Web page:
Asset 8: Youth as Resources

Give young people meaningful roles

“Having a voice” means more than making a sound when you sing or shout. The ways people express

ideas, energy, and insights make each person unique. Helping young people find their voices is one of the

best ways to help them be a positive force in their families, schools, clubs, teams, or neighborhoods. This is

good for them—and for your community. Young people have a lot more to contribute when their opinions

are respected and their talents are tapped. Listen closely to the opinions of young people around you, and

you’ll all benefit. Youth as Resources is Asset 8 of Search Institute’s 40 Developmental Assets, the

qualities, experiences, and relationships that help young people grow up healthy, caring, and responsible.

Here are the facts

Research shows when young people have useful roles in their community they feel good about themselves

and their future, do better in school, and get into less trouble. Everyone deserves to have their voice heard

and appreciated. Only 26 percent of young people, ages 11–18, report that they’ve been given useful roles

in their community, according to Search Institute surveys. Allow all young people to have a voice in issues

and decisions at home, school, and in the community.

Tips for building this asset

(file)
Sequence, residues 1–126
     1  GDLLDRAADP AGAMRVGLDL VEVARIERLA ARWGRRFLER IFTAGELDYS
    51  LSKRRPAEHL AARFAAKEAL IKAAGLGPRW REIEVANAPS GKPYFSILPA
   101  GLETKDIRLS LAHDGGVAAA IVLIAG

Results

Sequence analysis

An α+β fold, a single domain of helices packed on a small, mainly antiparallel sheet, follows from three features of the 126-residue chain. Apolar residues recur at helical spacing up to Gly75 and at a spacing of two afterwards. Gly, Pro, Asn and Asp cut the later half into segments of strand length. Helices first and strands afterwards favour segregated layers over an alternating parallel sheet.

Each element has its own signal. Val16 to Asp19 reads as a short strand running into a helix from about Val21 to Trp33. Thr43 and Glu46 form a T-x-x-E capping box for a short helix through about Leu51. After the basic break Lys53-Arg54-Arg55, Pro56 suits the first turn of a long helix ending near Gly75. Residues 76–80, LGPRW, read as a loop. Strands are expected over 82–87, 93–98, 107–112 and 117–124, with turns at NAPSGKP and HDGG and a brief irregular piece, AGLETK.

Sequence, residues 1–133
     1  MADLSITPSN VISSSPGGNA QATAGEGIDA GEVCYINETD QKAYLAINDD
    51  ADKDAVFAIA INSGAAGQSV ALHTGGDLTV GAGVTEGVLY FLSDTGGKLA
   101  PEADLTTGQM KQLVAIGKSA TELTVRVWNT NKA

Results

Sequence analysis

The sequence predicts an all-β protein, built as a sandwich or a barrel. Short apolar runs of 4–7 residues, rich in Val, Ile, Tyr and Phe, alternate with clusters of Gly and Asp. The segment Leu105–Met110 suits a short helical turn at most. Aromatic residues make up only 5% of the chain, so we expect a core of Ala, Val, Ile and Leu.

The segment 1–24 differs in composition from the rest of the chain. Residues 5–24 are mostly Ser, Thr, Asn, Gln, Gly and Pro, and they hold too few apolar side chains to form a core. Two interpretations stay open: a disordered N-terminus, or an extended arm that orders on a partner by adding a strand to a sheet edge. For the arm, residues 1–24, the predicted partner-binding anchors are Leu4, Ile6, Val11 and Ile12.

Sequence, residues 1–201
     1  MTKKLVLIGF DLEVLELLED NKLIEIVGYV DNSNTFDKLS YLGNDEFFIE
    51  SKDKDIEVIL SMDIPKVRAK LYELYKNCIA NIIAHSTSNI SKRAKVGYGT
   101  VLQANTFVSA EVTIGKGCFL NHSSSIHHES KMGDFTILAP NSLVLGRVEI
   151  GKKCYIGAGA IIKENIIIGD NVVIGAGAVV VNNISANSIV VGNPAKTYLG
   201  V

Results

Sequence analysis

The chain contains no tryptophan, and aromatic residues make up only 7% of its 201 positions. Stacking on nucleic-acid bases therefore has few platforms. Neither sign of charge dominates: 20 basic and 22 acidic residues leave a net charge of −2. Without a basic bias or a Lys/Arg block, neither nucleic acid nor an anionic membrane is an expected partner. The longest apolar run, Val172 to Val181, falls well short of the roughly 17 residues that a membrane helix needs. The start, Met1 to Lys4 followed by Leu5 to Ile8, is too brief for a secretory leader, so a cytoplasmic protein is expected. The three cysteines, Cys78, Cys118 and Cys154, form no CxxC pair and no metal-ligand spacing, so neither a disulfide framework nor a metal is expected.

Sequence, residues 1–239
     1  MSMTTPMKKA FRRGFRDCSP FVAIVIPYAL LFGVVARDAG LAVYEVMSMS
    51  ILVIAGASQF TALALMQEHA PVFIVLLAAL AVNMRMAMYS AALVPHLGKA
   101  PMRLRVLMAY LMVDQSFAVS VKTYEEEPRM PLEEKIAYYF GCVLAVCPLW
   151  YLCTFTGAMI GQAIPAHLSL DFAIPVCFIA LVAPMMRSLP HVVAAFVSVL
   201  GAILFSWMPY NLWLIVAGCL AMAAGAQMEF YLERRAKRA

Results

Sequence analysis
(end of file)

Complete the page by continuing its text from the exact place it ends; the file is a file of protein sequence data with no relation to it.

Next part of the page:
Building this asset means valuing young people’s talents, skills, interests, and opinions. It means setting

aside the belief that adults know more than the younger generation. When you see children and youth as

valuable resources, they feel more empowered to contribute to the community, and at school, and home in

meaningful, thoughtful ways.


Also try this

In your home and family: Invite your child to help you plan a party or other event. Ask for her or

his opinions about the theme, menu, and guests.

In your neighborhood and community: Choose a community issue important to you and gather the

opinions of both young people and adults. When the time for action arrives, enlist the help of those

who share your passion.

In your school or youth program: Ask students and participants to find newspaper stories or

images that grab their attention. In groups, talk about the topics they identified. Brainstorm ways for

them to get involved and use their voices in positive ways, such as writing or e-mailing a letter to the

editor, calling a legislator, attending a meeting, or forming a group.